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Architects present plans for new Penn Station

Four teams of architects presented plans Wednesday for a re-imagined Penn Station that would be a spacious, welcoming gateway to the city instead of the crowded, confusing and dark transportation hub now used by hundreds of thousands of daily commuters.

The four firms that took part in a design challenge sponsored by The Municipal Art Society all said the only way to improve Penn Station would be to move Madison Square Garden from its home atop the train station.

John Fantillas of H3 Hardy Collaboration Architecture said the arena crowds the station "like three fat men in a rowboat." Roger Duffy of Skidmore, Owings & Merrill called Penn Station "a disaster" and said his firm has imagined "a magnificent future" for the area with Madison Square Garden moved just southwest of its current location.

Madison Square Garden called the plans "pie-in-the-sky drawings." "It's curious to see that there are so many ideas on how to tear down a privately owned building that is a thriving New York icon, supports thousands of jobs and is currently completing a $1 billion transformation," the company said in a statement.

The design challenge was prompted by an upcoming vote by New York's City Council on renewing Madison Square Garden's permit to operate on top of Penn Station.

Madison Square Garden wants the permit renewed in perpetuity, while the city Planning Commission is recommending a 15-year limit. The Municipal Art Society and some other civic groups want the permit renewed for 10 years.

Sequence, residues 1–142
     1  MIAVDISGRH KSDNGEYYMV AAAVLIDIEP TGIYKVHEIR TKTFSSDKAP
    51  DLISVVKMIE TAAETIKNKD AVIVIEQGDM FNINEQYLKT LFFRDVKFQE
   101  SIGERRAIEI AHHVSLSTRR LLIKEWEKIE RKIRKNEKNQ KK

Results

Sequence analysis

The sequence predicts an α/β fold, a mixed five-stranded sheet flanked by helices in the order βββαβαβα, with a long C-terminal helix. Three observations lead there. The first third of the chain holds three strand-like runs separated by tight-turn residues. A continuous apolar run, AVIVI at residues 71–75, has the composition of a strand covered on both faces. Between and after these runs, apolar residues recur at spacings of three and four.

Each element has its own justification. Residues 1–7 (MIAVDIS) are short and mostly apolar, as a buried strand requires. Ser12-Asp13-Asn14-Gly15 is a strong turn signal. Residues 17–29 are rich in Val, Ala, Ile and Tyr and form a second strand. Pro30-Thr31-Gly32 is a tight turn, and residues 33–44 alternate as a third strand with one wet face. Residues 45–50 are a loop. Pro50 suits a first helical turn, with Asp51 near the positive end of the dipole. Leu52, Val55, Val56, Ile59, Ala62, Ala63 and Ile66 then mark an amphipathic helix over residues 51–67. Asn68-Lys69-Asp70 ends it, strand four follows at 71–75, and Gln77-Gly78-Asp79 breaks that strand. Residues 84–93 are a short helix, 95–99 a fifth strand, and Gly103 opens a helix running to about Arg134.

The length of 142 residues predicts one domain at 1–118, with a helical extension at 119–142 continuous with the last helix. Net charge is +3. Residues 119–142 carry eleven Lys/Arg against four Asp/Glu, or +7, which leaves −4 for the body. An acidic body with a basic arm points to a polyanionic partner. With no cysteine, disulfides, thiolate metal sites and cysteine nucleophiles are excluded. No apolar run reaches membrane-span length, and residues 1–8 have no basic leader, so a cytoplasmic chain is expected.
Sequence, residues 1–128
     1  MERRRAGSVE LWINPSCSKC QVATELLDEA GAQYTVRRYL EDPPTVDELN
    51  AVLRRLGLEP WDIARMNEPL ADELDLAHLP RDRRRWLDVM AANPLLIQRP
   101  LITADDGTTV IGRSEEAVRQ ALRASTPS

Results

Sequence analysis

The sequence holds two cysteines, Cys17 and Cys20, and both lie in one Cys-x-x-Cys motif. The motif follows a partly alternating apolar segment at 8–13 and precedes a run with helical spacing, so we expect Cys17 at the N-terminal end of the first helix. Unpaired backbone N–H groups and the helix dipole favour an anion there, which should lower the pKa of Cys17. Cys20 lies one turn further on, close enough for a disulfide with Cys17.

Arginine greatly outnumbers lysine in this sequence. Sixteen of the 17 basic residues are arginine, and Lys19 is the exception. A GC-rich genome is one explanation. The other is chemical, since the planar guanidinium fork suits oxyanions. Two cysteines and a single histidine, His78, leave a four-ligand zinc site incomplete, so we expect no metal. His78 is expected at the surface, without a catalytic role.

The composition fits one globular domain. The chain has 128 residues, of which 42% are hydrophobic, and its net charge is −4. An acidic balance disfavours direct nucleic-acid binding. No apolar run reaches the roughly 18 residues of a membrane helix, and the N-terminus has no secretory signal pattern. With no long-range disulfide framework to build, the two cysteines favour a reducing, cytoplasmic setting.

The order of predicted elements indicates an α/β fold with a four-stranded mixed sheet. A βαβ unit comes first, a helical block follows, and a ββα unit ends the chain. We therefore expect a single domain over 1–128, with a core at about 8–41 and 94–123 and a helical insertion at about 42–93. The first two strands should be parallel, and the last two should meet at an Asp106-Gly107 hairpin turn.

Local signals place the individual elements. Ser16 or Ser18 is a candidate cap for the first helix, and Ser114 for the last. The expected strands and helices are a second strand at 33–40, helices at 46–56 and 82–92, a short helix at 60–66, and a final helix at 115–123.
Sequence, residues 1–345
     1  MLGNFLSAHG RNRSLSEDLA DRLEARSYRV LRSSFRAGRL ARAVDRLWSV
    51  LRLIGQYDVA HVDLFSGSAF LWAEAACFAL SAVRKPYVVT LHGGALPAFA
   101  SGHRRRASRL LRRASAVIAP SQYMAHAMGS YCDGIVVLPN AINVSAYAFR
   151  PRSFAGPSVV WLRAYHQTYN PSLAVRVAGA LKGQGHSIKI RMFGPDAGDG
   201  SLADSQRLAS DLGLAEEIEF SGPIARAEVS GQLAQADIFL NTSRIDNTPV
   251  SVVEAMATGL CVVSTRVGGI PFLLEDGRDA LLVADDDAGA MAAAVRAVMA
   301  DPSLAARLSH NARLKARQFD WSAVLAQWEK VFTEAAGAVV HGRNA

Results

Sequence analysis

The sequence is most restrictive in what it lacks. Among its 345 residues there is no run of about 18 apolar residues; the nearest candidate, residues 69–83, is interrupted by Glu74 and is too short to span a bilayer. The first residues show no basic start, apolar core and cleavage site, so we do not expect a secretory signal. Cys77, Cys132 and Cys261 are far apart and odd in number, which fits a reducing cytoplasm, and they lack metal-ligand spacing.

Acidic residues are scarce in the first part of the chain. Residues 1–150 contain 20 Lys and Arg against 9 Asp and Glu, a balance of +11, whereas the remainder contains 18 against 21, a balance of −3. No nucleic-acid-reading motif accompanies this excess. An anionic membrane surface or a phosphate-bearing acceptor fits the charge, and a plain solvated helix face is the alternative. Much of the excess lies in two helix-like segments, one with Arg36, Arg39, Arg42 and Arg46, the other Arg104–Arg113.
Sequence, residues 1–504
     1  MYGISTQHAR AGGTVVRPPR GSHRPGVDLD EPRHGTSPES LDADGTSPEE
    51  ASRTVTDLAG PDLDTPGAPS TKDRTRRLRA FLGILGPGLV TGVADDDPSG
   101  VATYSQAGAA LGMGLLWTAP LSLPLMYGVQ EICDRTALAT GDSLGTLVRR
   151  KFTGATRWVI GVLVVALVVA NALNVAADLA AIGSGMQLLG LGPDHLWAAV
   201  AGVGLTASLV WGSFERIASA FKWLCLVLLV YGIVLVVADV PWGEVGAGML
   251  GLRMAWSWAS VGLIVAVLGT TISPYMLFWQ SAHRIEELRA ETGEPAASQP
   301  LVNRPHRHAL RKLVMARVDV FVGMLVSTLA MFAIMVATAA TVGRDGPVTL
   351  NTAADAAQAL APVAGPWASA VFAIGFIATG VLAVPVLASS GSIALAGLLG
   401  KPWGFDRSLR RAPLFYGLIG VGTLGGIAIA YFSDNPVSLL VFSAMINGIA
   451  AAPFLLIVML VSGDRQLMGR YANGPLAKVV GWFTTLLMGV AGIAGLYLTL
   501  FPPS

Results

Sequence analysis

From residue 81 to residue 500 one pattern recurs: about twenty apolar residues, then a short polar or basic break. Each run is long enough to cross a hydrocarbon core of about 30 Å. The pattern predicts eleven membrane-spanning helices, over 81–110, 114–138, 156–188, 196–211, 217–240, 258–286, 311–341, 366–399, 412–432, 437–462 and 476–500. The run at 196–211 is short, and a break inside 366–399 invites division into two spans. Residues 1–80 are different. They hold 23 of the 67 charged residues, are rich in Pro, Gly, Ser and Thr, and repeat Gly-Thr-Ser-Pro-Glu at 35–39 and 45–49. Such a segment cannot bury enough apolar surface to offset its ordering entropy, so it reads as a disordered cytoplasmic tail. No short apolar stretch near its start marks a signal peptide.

In addition to H3 Hardy and Skidmore, Owings & Merrill, architects of the under-construction 1 World Trade Center, the firms that presented new Penn Station designs were Diller Scofidio + Renfro, which has worked on the High Line and renovating Lincoln Center, and SHoP Architects, one of the firms that designed the Barclays Center arena in Brooklyn.

They offered plans for an airy, light-filled Penn Station with shops, rooftop gardens and other amenities.

Elizabeth Diller of Diller Scofidio + Renfro called her firm's "city within a city" design "a large spongelike mass aerated in many directions." Some plans envisioned paying for the upgrades by replacing buildings in the Penn Station complex with new mixed-use skyscrapers.

Madison Square Garden would be moved west to a pier on the Hudson River under the H3 Hardy plan. The SHoP plan would place it blocks to the south and west in the Morgan mail processing facility.

The Dolan family owns controlling interests in Madison Square Garden and Cablevision. Cablevision owns Newsday.

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